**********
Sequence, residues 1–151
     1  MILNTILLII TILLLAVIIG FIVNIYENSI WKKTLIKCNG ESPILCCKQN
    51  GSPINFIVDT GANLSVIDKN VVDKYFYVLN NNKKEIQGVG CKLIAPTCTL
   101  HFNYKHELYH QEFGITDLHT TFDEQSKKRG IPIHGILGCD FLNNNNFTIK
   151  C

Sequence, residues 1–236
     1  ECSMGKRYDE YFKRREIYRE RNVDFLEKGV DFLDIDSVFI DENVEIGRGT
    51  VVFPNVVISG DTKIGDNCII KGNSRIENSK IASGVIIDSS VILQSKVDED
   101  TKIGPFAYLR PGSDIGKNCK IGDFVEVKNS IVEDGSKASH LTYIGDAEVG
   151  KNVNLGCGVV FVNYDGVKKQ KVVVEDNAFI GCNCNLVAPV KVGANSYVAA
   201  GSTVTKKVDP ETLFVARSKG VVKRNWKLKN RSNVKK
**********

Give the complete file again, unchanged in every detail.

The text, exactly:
Sequence, residues 1–151
     1  MILNTILLII TILLLAVIIG FIVNIYENSI WKKTLIKCNG ESPILCCKQN
    51  GSPINFIVDT GANLSVIDKN VVDKYFYVLN NNKKEIQGVG CKLIAPTCTL
   101  HFNYKHELYH QEFGITDLHT TFDEQSKKRG IPIHGILGCD FLNNNNFTIK
   151  C

Sequence, residues 1–236
     1  ECSMGKRYDE YFKRREIYRE RNVDFLEKGV DFLDIDSVFI DENVEIGRGT
    51  VVFPNVVISG DTKIGDNCII KGNSRIENSK IASGVIIDSS VILQSKVDED
   101  TKIGPFAYLR PGSDIGKNCK IGDFVEVKNS IVEDGSKASH LTYIGDAEVG
   151  KNVNLGCGVV FVNYDGVKKQ KVVVEDNAFI GCNCNLVAPV KVGANSYVAA
   201  GSTVTKKVDP ETLFVARSKG VVKRNWKLKN RSNVKK